The beauty of organic marketing is that the principles stay the same no matter the format, the medium, or situation. The same theory applies: remove the artificiality and stick with natural, intuitive concepts that will convert a passerby to a lifelong customer. If you strip away the flash and dazzle, a tradeshow or conference can be thought of us a farmer’s market. How do you distinguish your product or service, what can you do that will create a lasting impression? It’s more than handing out brochures, chip clips with your logo on them, or sitting at a space fairly larger than a corner cubicle.
Every weekend in Portland, OR, farmers from all over the state converge to sell their fruits and vegetables at the local food market. It’s an exciting open-air bazaar with artists, music, food carts, and the freshest produce you can find. As you walk along the booths, you’ll notice one with purple carrots. Every weekend, farmer Gene Teal drives over 300 miles to sell these carrots and other produce for the hungry residents of the city.
I was first introduced to Gene at the TEDx Conference. Food critic Karen Brooks was talking about what made Portland such a special food destination. Purple carrots were handed out as she told the story of a dedicated farmer who would drive six hours every weekend to stand on hard concrete, even in his late 70’s because he loved knowing that people were eating his food. When he gave the reason of why his carrots tasted so good, he said “Because I talk to them.” Now, I can’t walk look at another carrot, purple or not, without thinking about his incredible story (the carrot really was the best I’ve ever had too).
The best way to be remembered at a trade show or conference is to create a connection. Cool giveaway items might have your name on them but does it lead to sales? When was the last time you visited a company website because someone gave you a free pen? No, the key lies in basic sales principles: letting the customer talk and finding a way to provide them with a solution, finding a way to connect with them at some level. The swag should serve as a reminder of that conversation, not substitute for any interaction at all. Tell your unique story in a way that will have people thinking about your proverbial carrot. You can draw people in with the flash and dazzle, but you want people talking about your amazing new product or service, not just how cool your booth was.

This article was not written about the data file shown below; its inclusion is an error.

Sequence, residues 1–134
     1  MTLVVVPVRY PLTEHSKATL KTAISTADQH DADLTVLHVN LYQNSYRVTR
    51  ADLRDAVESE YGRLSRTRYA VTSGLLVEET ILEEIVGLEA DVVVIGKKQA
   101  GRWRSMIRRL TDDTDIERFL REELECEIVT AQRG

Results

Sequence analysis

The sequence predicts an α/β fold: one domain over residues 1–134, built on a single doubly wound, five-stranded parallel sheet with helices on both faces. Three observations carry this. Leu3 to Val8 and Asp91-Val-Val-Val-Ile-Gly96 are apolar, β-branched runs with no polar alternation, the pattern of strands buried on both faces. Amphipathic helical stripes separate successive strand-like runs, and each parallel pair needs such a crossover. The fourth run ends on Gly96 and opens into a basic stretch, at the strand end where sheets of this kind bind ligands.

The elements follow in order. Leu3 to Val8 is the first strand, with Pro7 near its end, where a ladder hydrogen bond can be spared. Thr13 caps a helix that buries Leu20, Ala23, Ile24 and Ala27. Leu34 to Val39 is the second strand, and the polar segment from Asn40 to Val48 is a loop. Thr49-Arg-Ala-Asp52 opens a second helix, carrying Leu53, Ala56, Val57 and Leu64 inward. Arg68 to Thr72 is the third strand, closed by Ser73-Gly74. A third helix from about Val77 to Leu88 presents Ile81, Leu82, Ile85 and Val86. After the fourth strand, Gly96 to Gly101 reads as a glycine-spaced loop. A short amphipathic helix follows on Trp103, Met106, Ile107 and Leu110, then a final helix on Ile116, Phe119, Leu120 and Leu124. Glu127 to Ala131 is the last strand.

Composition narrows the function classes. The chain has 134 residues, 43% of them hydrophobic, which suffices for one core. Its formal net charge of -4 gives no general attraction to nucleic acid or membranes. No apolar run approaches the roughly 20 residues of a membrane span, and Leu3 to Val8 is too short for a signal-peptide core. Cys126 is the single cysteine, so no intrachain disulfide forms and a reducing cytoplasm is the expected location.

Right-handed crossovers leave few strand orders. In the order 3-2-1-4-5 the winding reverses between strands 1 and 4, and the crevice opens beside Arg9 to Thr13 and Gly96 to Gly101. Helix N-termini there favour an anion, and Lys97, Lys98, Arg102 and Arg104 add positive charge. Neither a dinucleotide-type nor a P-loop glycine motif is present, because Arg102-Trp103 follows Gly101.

Here are some best practices you want might to incorporate:
- Don’t just take business cards and stash them away. Write notes on them about your conversation, personal information traded, or follow-up actions as quickly as possibly (perhaps during a lull in traffic). When you collect dozens or hundreds of cards, it can be difficult to remember each interaction. This way, your follow can be more personal and have a greater impact.
- Stand up. If you’re sitting, looking distracted, or appear uninterested, attendees will be less likely to engage.
- If foot traffic is low, sometimes the further away you get from your booth, the better. Start talking and networking with others who are showcasing. If you do have giveaway items, walk around to direct traffic to your booth.
- Focus on quality. Don’t worry about filling every bit of space that you have available but whatever you have available; you want to be of the upmost quality. This partially branding control. The items you are giving out free, brochures, the overall experience (including the attitude of representatives) all reflects the organization.
- Step out of your industry. The best appearances my music group has isn’t at music industry conferences, but at anime conventions. Nordic Track’s success doesn’t come from fitness expos, but dental exhibits. Sometimes the out of market events have less competition and more interest because of the surprise factor.
- Get the buzz going before setting up. Create some anticipation for your arrival: contact local press or industry representatives, get some attention and excitement about your brand’s appearance at the show.
- Be proactive. Don’t just sit at your exhibit all day. Participate in workshops and panels. Try and be selected as a speaker if you can, to give more credibility and visibility to your message.